Privateer Brig Loyal Son,
Desnarian Merchant Galleon Wind Hoof,
Markovian Sea

Steel-gray water heaved under a slate-gray sky like a vast bowl of ice-burnished wind. That same wind hummed and whined through the rigging as the brig Loyal Son made her way across the vast wasteland of the Markovian Sea. Symyn Fytzhyw, Loyal Son’s owner and captain, stood on the brig’s tiny quarterdeck, his legs spread wide against the ship’s motion, and shivered, despite his thick, warm coat.

Fytzhyw was just under thirty Safeholdian years old, and he had no children of his own. His older brother, on the other hand, had five already, including not one, but two sets of twins. The eldest was only seven, and none of them had ever been outside the city of Tellesberg . . . or its climate. They’d found Uncle Symyn’s thick winter coat hilarious when they’d “helped him pack,” but Fytzhyw didn’t find its thickness the least bit humorous at this particular moment. In fact, he wished fervently that it was even thicker and heavier.
Spring was a month off yet, and winter in the Markovian could be as cold and bitter as anything south of the Icewind Sea itself, as the current weather seemed bent upon proving. At least, he thought gratefully, there was no longer anything falling out of the sky. Yesterday’s rain had turned into freezing sleet, and the standing rigging was coated in the ice, like tree branches in a winter-struck forest. The temperature hadn’t climbed enough to melt it yet (assuming it ever intended to climb that high again), but chunks of it rattled and banged on deck from time to time. The carronades gleamed under their own thin coating of glassy ice, and more ice came slithering to the deck in crystal shards from the running rigging whenever the sails were trimmed.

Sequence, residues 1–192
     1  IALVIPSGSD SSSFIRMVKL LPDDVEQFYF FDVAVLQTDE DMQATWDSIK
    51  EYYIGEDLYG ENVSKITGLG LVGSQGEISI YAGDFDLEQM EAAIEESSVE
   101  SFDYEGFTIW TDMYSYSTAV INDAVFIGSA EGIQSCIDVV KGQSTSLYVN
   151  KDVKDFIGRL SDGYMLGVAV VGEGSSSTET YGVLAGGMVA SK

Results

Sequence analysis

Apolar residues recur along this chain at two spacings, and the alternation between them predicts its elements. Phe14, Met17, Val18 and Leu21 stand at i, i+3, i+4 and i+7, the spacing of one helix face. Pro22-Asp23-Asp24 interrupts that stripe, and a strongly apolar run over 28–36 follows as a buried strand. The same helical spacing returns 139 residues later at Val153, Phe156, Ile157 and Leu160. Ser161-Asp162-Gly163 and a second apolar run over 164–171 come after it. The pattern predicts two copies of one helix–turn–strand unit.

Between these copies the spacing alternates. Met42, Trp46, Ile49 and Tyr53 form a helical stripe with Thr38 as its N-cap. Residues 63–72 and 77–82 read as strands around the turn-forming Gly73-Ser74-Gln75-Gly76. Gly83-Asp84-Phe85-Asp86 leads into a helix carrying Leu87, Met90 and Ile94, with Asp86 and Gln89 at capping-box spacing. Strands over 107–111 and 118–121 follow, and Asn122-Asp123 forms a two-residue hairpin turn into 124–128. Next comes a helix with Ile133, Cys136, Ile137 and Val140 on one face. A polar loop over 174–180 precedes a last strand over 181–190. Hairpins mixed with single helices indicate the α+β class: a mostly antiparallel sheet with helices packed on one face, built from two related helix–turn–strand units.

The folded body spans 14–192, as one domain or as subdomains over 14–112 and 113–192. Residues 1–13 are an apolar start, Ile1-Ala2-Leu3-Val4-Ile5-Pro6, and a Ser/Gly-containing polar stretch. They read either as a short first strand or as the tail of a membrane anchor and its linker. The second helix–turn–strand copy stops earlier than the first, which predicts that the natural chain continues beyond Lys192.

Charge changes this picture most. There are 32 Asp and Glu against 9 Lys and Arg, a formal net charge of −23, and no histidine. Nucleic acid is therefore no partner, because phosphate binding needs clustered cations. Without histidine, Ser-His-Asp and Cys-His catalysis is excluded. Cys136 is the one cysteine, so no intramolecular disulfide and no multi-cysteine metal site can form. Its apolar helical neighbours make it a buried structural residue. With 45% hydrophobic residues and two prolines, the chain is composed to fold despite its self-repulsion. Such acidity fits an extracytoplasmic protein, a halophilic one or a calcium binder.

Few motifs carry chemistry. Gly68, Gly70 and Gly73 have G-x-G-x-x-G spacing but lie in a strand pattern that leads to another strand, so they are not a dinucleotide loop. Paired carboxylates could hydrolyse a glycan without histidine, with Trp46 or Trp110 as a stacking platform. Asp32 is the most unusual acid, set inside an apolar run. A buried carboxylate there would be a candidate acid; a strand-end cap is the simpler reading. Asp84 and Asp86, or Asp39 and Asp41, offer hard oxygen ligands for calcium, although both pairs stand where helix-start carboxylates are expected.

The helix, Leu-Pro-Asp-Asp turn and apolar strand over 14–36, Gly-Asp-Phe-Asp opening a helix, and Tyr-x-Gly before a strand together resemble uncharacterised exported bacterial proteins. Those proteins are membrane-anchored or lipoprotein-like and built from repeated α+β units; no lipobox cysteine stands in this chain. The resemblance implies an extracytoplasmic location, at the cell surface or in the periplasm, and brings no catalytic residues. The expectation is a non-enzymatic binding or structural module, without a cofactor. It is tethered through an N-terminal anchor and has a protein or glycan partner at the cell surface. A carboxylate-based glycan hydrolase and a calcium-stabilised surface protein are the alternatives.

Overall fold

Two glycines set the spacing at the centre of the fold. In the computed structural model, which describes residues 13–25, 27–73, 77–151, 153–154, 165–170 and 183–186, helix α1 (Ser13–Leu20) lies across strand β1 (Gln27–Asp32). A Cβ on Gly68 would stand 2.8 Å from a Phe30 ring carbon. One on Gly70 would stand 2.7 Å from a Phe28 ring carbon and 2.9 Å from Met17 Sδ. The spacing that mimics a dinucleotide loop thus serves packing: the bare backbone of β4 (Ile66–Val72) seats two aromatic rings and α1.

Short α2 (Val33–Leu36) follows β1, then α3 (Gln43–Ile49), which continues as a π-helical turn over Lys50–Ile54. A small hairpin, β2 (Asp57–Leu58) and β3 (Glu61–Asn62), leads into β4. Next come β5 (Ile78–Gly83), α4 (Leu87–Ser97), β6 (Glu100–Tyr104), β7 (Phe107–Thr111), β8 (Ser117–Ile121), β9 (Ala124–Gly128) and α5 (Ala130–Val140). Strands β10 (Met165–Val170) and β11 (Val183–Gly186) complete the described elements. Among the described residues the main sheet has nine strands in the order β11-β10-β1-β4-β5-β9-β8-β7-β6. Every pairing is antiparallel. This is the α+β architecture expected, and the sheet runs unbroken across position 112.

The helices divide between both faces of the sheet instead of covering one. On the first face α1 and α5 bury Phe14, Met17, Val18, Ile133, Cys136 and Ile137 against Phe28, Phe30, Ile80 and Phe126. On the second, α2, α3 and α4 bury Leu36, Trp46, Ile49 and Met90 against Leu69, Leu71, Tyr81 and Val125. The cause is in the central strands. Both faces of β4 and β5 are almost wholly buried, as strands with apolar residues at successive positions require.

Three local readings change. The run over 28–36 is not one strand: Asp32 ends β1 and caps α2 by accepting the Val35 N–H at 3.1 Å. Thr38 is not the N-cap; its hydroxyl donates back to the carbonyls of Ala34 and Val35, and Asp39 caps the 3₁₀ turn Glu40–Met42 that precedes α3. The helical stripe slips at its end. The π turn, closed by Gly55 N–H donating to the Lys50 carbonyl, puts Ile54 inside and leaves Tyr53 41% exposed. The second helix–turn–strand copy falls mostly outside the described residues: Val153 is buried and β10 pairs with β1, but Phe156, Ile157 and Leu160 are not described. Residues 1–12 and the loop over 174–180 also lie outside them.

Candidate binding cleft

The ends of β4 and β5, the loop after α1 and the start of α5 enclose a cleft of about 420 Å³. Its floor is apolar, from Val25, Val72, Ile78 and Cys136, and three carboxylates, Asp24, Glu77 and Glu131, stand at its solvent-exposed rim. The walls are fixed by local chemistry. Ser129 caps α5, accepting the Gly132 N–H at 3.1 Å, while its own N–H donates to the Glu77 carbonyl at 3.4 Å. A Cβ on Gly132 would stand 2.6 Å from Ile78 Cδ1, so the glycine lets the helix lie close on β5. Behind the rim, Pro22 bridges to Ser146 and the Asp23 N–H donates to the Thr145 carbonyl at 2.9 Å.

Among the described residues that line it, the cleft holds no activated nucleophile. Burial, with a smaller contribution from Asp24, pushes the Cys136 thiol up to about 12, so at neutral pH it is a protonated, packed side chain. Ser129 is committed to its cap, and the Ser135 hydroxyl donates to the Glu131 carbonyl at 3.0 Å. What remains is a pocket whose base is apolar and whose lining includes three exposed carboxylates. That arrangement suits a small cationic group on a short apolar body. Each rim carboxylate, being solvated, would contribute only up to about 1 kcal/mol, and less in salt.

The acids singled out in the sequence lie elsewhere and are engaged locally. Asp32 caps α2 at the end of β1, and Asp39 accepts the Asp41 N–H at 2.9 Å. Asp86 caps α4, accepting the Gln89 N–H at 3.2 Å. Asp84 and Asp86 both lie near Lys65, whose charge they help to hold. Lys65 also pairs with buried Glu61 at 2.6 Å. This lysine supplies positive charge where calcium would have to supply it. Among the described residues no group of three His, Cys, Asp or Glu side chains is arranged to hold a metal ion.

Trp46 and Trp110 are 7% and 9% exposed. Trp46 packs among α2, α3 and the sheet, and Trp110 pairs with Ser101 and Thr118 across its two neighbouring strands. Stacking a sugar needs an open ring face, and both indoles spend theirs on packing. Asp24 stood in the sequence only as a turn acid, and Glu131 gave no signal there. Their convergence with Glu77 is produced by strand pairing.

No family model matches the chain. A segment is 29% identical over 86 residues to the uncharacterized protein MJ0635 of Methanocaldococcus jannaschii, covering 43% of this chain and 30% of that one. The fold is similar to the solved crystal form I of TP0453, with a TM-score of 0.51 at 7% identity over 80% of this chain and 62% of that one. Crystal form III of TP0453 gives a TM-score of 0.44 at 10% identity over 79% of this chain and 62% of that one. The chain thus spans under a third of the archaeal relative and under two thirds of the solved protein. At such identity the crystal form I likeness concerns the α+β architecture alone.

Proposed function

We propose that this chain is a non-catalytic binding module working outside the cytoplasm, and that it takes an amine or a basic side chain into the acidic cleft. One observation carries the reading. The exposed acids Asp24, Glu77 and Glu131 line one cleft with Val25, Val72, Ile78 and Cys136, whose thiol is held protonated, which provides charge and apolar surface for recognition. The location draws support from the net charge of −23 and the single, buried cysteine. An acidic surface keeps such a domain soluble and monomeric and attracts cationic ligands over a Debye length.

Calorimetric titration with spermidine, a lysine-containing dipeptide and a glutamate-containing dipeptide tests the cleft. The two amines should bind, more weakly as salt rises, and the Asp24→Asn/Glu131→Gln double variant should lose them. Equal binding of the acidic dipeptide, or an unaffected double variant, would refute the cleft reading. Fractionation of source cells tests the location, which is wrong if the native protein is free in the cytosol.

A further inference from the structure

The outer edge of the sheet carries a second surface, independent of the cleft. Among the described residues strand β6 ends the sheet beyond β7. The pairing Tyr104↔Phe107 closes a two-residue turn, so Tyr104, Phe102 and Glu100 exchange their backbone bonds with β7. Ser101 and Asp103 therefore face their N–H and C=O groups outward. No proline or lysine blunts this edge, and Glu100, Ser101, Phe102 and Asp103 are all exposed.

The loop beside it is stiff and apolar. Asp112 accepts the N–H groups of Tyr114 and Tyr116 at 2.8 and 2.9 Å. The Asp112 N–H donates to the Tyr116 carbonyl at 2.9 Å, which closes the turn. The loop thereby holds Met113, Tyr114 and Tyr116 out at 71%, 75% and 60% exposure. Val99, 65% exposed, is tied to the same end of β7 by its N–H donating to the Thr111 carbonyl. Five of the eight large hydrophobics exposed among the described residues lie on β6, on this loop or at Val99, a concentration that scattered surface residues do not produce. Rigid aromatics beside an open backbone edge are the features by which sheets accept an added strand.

I wonder why this seemed like a good idea before we left port? Fytzhyw asked himself rhetorically as he looked up at the northern sky.
Actually, he knew the answer perfectly well. The waters south of the Markovian had been thoroughly fished out by other privateers. The Gulf of Tarot, the Tarot Channel, the Tranjyr Passage, and the Sea of Justice had been thoroughly swept, and if there were still twenty merchantmen in the world flying the Tarotisian flag, Fytzhyw would have been astonished. The waters off Delferahk, still further south, had been even more thoroughly hunted out over the past several months as Charisian ships swarmed over the Delferahkan coast and went through the Kingdom’s coastal waters like feeding doomwhales in the wake of the Ferayd Massacre, and the Empire of Charis wasn’t at war (yet) with the Desnairian Empire. Effectively, that left only the Harthian Sea and the Gulf of Harchong, far to the west, and that was really too far for a vessel the size of Loyal Son.